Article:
The Federal Trade Commission (FTC) has launched an inquiry into the six largest PBMs to scrutinize business practices and the implications they have as prescription drug costs and spending have been on the rise. According to recent research, manufacturer rebates to PBMs increased from $39.7 billion in 2012 to $89.5 billion in 2016 which has led to higher list prices for drugs.
The six companies involved in the inquiry are:
- CVS Caremark
- Express Scripts, Inc.
- OptumRx, Inc.
- Humana Inc.
- Prime Therapeutics LLC; and
- MedImpact Healthcare Systems, Inc.
Many are not aware of pharmacy benefit managers (PBMs) and the role they play in influencing the US pharmaceutical system. PBMs develop and maintain formularies of health insurance companies which determines not only medication coverage but also out-of-pocket costs. PBMs also negotiate rebates, fees and other benefits with drug manufacturers on behalf of health insurance providers.
Lastly, PBMs are responsible for reimbursing individual pharmacies for drugs dispensed to patients, thus giving them the power to influence which pharmacies patients should use for their medications which is muddied by the fact that the largest pharmacy benefits managers are now wholly owned mail order and specialty pharmacies vertically integrated with the largest health insurance.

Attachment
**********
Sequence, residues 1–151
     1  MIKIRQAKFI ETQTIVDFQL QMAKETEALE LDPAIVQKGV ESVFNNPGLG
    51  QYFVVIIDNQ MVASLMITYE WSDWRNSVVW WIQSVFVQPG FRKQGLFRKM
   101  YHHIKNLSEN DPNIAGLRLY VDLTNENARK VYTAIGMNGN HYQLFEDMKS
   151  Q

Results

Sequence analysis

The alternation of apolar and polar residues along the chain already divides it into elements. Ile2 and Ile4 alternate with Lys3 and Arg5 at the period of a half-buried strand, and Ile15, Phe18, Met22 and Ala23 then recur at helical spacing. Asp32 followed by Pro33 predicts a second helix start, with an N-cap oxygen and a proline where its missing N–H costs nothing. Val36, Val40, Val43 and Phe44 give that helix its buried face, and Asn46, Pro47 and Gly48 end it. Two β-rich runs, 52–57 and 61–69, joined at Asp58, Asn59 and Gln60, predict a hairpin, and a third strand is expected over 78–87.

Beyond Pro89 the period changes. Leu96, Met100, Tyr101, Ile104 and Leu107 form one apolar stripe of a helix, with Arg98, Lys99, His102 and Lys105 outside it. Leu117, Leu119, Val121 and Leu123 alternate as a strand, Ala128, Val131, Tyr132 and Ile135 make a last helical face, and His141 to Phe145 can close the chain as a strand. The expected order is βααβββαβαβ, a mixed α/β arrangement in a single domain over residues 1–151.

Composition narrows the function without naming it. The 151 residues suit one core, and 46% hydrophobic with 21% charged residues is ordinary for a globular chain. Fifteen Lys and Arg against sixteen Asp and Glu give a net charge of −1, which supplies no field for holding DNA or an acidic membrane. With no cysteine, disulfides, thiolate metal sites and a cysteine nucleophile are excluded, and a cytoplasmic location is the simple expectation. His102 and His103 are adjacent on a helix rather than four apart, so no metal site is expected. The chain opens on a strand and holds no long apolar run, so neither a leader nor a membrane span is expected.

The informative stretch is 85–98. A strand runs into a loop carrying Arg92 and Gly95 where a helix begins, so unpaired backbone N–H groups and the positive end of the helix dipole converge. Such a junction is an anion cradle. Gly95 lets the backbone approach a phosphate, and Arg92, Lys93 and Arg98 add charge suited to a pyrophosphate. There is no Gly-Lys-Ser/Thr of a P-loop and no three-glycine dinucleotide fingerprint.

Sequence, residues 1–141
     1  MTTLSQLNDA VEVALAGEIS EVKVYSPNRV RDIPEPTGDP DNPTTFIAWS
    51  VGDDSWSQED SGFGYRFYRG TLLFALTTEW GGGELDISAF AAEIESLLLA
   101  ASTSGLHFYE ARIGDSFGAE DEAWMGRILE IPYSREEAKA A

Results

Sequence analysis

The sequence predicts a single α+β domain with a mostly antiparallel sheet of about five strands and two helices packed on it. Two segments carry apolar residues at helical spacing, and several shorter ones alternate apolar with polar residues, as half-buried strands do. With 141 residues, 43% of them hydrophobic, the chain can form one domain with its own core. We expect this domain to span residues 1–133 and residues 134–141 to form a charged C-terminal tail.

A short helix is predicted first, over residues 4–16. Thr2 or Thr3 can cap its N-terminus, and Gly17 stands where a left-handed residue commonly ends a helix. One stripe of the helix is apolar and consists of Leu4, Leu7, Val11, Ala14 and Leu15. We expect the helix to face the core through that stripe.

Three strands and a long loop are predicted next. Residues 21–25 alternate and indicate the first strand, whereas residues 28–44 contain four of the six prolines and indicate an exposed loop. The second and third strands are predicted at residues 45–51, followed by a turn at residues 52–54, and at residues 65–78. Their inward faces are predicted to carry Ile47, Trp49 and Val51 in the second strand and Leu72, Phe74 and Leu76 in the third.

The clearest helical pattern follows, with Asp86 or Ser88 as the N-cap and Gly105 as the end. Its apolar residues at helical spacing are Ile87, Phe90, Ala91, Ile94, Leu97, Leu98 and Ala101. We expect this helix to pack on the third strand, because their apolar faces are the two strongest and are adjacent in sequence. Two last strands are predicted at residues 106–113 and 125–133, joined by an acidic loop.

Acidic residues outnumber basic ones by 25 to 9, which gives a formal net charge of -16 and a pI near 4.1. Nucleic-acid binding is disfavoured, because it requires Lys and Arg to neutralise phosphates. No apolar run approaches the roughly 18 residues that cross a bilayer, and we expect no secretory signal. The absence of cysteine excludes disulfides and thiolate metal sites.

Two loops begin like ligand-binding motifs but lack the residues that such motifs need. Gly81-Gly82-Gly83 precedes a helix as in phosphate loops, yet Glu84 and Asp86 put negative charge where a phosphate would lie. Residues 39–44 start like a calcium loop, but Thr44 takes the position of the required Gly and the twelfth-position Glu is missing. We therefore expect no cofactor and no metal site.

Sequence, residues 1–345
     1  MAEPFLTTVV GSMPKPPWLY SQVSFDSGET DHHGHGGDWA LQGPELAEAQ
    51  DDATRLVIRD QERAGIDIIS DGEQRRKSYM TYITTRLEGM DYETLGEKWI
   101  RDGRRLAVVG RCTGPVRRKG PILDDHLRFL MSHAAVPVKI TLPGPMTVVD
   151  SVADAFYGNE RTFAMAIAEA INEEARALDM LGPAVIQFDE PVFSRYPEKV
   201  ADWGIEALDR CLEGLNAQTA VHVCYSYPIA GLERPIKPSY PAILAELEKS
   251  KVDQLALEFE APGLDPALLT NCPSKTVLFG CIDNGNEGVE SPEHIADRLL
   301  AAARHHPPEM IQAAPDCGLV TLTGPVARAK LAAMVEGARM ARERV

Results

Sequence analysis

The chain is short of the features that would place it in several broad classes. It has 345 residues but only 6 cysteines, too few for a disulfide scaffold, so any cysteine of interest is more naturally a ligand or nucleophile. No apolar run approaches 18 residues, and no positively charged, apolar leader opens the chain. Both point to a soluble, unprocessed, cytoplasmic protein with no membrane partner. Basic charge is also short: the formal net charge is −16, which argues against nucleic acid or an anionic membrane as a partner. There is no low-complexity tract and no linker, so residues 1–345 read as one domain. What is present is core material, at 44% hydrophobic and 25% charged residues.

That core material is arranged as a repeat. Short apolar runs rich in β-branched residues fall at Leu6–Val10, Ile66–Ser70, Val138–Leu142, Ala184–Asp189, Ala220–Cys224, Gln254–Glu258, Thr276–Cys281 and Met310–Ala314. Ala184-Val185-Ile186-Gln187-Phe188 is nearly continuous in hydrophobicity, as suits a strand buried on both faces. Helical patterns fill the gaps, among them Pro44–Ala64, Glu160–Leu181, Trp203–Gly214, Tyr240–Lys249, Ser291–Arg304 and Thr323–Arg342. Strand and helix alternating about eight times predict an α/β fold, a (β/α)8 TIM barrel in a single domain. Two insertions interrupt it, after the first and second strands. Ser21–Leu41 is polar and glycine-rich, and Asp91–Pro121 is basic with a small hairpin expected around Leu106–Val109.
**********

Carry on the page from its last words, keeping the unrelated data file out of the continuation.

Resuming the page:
The goal of the inquiry is shed light on questionable business practices of PBMs such as:
- fees and clawbacks charged to unaffiliated pharmacies;
- methods to steer patients towards pharmacy benefit manager-owned pharmacies;
- potentially unfair audits of independent pharmacies;
- complicated and opaque methods to determine pharmacy reimbursement;
- the prevalence of prior authorizations and other administrative restrictions;
- the use of specialty drug lists and surrounding specialty drug policies;
- the impact of rebates and fees from drug manufacturers on formulary design and the costs of prescription drugs to payers and patients.